Soul legend Bettye LaVette threw a great party for a warm, appreciative, and very vocal audience at the Old Town School of Folk Music in Chicago’s Ravenwood neighborhood. Backed by a crack band which included a drummer, guitarist, bass player, and a musical director in charge of the keyboards, LaVette breezed through a tight show that included some bluesy foot-stompers, a pop ballad, a country tune and some fiery R&B numbers. All of the songs were delivered with LaVette’s inimitable, whiskey-soured growl; her voice isn’t pretty – not in a silky Diana Ross way – but there’s an awesome beauty in her weathered rasp. And not only is LaVette a fantastic singer, but she’s a consummate showwoman, engaging her audience and entertaining the crowd with brief patter in between the songs. Despite the evening’s brevity, emotions run from euphoria to bottomless grief. And even though the set and musical direction were both austere (a reflection of the country’s economic situation, perhaps?), the focused, back-to-basics approach to performing was duly appreciated by the audience.
The ideal setting of the venue lend itself to an intimacy which supported some of the emotions of the songs – particularly the sadder numbers. As raucous and hell-raising as she can be, LaVette shines best when she’s bruised and sad. In a notably poignant moment, LaVette offered a tearful tribute to recently departed country legend, George Jones with a raw, emotional rendition of his “Choices,” which she recorded for her 2007 set The Scene of the Crime. She also mused about the endless melancholy of Nashville songwriters, particularly women songwriters, before launching into a lovely “The More I Search (The More I Die)” from her latest album Thankful n’ Thoughtful.
In fact, much of the set was devoted to songs from her new record, and the songs all played to the singer’s strengths: namely her no-bull attitude. “Everything Broken” is a funky, rumbling number that allowed for LaVette to vamp and strut around the small stage. Like Tina Turner, LaVette is an energetic, age-defying performer, shimmying and bump-and-grinding to the up-tempo numbers. Sexy without being vulgar, sensual without being salacious, LaVette is a dynamic presence on stage, easily commanding it, to the approving whistles, catcalls and shouts from the audience members.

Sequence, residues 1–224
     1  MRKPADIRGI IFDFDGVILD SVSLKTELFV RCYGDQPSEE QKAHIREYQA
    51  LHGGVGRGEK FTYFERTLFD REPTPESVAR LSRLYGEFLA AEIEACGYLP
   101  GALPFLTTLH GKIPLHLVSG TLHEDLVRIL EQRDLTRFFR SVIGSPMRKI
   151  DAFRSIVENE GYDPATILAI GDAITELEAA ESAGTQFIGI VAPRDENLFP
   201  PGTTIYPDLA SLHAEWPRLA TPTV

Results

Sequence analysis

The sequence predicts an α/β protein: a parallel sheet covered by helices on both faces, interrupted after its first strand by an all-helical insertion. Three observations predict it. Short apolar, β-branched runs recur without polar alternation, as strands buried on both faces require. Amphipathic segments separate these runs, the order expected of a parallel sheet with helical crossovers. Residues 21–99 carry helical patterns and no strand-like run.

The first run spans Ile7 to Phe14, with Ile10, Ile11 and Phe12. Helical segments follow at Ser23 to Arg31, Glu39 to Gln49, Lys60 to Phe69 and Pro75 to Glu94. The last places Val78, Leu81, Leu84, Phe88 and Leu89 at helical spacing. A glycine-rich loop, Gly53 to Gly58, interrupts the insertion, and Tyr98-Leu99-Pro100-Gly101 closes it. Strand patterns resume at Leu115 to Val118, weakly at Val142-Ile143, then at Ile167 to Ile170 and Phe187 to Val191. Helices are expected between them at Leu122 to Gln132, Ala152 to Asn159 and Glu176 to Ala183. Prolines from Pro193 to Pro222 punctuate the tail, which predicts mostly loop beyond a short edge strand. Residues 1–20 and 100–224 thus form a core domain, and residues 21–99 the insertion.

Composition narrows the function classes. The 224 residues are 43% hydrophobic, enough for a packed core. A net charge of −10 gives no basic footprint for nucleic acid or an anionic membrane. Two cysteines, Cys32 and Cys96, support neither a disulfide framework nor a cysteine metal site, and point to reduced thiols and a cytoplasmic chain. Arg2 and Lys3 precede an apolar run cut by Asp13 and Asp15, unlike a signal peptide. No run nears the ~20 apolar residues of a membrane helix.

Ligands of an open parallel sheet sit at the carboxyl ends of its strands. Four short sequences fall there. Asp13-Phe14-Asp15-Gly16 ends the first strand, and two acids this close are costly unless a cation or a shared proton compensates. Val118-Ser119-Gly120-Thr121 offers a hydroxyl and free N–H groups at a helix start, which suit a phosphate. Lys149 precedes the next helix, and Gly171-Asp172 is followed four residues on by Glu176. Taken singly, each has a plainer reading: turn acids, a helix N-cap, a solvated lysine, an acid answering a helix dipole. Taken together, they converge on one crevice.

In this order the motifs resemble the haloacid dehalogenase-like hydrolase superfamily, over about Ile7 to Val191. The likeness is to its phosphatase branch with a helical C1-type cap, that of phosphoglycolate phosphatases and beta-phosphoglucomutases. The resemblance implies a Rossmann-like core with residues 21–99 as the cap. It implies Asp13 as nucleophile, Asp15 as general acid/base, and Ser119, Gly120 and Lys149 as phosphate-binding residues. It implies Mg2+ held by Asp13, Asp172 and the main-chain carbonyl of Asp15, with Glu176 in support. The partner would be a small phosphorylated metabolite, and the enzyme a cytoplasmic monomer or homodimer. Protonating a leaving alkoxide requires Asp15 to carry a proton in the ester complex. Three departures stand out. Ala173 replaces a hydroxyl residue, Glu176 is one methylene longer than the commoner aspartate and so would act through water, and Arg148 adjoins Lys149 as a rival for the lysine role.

She also referenced her Detroit roots and Motown before singing her classic R&B hit “My Man—He’s a Lovin’ Man” after professing her life-long desire to appear on Dick Clark’s American Bandstand, but realizing that she may have been just too much for 1960s television audiences (and her off-the-cuff, blink and you’ll miss it cover of the Supremes “Stop! In the Name of Love” was hilarious).
The near-perfect show slowed down for a brief moment when she sang a pretty pop ballad from her sole Motown album. The song was well performed, but was too traditional and MOR, and didn’t play to her strengths, being such a distinct vocalist. Despite this minor lull, the song choices were expert – it would’ve been nice to hear her stately cover of Paul McCartney’s “Maybe I’m Amazed” or her damaged version of Bruce Springsteen’s “Streets of Philadelphia,” but it’s understandable that she wanted to highlight Thankful n’ Thoughtful (copies were available for sale after the show).
After an encore and an enthusiastic ovation, LaVette was left alone on stage to perform a blistering and tear-stained cover of Sinead O’Connor’s “I Do Not Want What I Haven’t Got” – even surpassing the superb original with a raw-voiced, a cappella performance that left the people in the audience on their feet and emotionally-drained. LaVette’s great on vinyl, but she’s a must-see live performer.